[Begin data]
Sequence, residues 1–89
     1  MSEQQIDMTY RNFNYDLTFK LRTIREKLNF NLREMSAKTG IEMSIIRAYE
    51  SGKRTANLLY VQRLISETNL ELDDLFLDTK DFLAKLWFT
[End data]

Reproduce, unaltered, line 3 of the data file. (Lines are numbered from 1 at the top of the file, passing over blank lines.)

    51  SGKRTANLLY VQRLISETNL ELDDLFLDTK DFLAKLWFT